Iconic American pop star Madonna refused to cancel her performance at the Eurovision Song Contest 2019 taking place in Tel Aviv, Israel this week, despite calls for a boycott.

In a statement, Madonna said she will not let a political agenda stop her.

“I’ll never stop playing music to suit someone’s political agenda, nor will I stop speaking out against violations of human rights wherever in the world they may be,” the singer said in a statement to Reuters.

“My heart breaks every time I hear about the innocent lives that are lost in this region and the violence that is so often perpetuated to suit the political goals of people who benefit from this ancient conflict,” she added. “I hope and pray that we will soon break free from this terrible cycle of destruction and create a new path towards peace.”

Madonna will play two songs from her upcoming “Madame X” album on Saturday during the finals, according to Reuters.

Madonna’s Ray of Light Foundation reportedly sponsors a number of projects in the Gaza Strip and West Bank, including funding the salaries of teachers and microloans for female farmers through the United Nations Relief and Works Agency (UNRWA) and the Palestinian Fair Trade Association.

The Eurovision Song Contest includes more than 40 nations and, in 2018, was reportedly watched by more than 189 million viewers in about 50 European countries. Israel’s Netta Barzilai won Eurovision last year with her song, “Toy.” According to the rules, Eurovision takes place in the country that won the previous year.

Last week, The Daily Wire reported that the Israeli government released a report showing that various Palestinian groups are using Twitter “bots” to grow support for the boycott of Eurovision.

The report, titled “The Big Scam: How BDS is Manipulating Social Media Against Eurovision 2019,” was released by Israel’s Minister of Strategic Affairs and Public Diplomacy.

According to the report, the investigation into the campaign started in November 2018 and found 166 bots and 41 trolls which are estimated to have reached 10 million Twitter users. The report underscores that it is likely “the number of bots and fake accounts used in this deception scheme is much greater than the findings in this report.”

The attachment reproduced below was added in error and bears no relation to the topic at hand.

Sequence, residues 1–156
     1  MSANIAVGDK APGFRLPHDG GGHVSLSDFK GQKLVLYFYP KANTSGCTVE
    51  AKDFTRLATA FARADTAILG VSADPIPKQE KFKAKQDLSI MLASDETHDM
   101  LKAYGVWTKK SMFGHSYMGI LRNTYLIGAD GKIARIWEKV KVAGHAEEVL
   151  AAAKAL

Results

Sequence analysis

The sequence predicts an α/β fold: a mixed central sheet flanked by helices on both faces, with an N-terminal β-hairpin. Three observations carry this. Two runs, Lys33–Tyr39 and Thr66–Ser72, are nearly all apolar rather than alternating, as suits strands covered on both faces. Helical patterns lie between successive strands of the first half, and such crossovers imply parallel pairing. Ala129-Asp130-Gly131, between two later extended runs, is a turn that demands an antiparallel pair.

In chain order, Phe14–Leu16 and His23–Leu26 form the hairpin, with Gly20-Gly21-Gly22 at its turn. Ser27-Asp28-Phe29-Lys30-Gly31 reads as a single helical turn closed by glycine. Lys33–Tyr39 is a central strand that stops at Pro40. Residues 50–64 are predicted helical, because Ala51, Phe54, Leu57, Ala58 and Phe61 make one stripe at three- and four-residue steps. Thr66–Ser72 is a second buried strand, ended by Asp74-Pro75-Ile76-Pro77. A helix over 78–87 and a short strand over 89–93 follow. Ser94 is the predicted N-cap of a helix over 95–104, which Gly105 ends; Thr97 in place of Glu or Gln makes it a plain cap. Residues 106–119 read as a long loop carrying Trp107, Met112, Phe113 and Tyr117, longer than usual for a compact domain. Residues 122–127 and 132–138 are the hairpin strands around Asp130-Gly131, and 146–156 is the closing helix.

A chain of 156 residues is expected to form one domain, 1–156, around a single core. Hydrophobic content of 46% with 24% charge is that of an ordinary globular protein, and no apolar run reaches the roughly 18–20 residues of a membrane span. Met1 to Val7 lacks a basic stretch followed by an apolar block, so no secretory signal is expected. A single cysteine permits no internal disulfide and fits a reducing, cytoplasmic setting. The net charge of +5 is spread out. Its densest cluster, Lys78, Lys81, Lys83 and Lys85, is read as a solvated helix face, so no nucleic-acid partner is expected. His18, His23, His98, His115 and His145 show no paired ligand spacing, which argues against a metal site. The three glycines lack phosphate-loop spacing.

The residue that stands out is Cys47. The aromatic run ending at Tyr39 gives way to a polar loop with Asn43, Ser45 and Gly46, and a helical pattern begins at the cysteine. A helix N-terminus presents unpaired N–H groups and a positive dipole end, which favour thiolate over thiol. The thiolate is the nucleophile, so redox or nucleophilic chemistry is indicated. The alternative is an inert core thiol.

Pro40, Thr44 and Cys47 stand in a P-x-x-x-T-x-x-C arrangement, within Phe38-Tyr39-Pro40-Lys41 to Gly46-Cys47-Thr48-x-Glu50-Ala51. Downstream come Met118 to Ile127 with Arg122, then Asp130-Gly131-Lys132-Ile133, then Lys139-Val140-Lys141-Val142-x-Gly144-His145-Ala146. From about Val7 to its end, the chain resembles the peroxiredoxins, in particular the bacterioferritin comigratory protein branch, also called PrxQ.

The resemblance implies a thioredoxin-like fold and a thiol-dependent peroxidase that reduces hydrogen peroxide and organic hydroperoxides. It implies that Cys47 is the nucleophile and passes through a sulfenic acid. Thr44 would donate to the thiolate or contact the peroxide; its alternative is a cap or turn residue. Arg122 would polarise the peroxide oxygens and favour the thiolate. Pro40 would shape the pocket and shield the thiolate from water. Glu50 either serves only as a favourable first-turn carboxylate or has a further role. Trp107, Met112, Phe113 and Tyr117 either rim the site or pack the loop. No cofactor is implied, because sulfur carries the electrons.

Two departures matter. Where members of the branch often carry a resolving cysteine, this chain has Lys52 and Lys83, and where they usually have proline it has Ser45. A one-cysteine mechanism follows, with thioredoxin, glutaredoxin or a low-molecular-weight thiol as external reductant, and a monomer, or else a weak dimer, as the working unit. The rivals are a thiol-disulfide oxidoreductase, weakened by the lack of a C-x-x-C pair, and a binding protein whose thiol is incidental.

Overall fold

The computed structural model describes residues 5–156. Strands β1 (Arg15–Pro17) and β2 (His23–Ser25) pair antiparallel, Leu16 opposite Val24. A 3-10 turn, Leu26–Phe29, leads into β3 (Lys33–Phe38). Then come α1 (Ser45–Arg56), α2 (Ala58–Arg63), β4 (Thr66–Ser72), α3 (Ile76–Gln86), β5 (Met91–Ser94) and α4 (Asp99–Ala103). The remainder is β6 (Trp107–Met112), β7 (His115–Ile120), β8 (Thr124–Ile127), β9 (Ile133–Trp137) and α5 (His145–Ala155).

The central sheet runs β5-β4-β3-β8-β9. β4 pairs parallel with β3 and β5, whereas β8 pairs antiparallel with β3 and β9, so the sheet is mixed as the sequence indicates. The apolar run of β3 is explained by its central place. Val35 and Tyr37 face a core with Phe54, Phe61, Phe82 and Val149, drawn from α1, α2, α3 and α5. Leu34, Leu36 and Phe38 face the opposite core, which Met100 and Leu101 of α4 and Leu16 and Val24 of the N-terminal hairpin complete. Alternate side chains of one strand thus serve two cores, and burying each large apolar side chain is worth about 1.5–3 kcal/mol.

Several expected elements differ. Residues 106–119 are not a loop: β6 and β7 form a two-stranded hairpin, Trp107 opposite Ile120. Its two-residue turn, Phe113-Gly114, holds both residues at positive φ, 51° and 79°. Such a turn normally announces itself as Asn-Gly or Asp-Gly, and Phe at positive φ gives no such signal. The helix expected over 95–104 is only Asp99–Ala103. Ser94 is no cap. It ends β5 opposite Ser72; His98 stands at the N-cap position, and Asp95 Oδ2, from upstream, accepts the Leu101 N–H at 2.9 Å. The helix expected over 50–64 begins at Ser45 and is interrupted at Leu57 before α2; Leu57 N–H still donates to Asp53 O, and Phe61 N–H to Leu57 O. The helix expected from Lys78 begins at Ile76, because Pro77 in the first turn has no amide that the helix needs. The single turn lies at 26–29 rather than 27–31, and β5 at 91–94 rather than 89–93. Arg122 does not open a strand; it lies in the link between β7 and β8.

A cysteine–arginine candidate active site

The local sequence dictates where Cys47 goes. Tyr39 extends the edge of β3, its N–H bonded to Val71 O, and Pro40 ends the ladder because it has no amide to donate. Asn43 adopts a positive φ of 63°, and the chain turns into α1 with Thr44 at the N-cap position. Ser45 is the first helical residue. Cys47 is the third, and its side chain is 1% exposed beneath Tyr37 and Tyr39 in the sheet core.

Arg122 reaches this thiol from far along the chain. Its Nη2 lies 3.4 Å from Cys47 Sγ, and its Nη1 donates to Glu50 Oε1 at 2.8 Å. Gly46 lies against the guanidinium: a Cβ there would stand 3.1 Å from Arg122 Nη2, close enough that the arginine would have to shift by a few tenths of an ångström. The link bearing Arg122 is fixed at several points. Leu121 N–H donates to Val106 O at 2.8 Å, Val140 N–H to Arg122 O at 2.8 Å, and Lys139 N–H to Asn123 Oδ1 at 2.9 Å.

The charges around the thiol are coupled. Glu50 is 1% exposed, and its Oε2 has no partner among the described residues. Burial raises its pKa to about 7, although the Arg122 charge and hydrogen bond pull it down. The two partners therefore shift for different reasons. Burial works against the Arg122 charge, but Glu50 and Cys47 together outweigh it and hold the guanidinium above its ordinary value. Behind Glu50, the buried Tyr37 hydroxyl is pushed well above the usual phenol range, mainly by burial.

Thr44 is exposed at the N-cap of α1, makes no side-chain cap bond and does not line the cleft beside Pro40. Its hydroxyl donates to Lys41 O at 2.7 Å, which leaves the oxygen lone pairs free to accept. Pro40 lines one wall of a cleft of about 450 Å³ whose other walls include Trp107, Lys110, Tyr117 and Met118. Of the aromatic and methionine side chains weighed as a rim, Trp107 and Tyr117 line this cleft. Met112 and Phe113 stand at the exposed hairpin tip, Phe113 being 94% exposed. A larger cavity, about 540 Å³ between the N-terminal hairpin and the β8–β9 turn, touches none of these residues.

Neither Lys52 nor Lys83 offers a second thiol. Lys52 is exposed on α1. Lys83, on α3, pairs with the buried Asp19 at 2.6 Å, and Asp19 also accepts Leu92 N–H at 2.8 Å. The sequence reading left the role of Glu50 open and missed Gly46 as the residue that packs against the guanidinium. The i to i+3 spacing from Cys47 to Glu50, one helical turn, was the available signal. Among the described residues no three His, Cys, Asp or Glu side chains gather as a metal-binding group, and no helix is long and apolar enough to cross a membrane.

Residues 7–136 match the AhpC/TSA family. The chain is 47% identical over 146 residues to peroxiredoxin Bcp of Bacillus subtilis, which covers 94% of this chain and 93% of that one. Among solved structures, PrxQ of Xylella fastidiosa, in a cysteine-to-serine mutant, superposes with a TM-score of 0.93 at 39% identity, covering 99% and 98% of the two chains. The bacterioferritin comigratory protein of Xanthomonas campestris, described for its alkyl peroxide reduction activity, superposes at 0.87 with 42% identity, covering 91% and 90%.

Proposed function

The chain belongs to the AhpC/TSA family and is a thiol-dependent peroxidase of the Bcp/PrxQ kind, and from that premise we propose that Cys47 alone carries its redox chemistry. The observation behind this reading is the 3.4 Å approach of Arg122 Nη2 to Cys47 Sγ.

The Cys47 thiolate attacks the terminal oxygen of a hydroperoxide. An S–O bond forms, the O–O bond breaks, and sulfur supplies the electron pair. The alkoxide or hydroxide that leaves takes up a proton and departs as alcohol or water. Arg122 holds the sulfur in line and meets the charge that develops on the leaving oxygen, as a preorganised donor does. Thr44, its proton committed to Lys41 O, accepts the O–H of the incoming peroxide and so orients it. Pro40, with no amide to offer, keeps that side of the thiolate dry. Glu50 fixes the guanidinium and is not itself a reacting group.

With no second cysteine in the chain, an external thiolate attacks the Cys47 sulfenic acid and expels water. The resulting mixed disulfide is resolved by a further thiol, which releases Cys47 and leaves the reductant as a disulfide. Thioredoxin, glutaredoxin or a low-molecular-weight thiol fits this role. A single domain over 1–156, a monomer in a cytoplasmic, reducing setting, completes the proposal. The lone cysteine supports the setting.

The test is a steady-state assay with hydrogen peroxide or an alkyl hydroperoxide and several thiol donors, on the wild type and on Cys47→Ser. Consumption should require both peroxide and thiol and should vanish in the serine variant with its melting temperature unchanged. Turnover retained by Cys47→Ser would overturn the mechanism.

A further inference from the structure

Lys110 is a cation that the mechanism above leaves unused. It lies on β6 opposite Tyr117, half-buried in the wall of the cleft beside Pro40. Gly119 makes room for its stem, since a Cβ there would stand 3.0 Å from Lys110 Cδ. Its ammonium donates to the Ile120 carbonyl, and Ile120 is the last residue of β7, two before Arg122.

In the report, bots are defined as “an account whose content is created by human operators and is proliferated automatically by software.” Trolls are defined as “an active fake account operated periodically by an authentic person, but without the details of the person operating it, but rather fictitious information.”

The report claims that the bots were operated from several countries, including France, Britain, Spain, Italy, Egypt, and Indonesia. The investigators believe the deception campaign “was intended to create an impression of significant public support aimed at pressuring European broadcasting corporations and artists participating in the competition to succumb to the boycott.”

The deception campaign was “devised and spearheaded” by Palestinian Campaign for the Academic and Cultural Boycott of Israel (PACBI) along with other boycott organizations, the report states. The campaign will strengthen prior to the beginning of Eurovision on May 14, analysts believe.

To prevent more fake influence, the department requests that social media companies examine BDS organizations and prevent “fraudulent activity.” It calls on European broadcasting corporations and Eurovision artists to be aware of the allegedly deceptive campaigns.

Twitter suspended “a small network of accounts” after the Israeli complaint, according to The Times of Israel.

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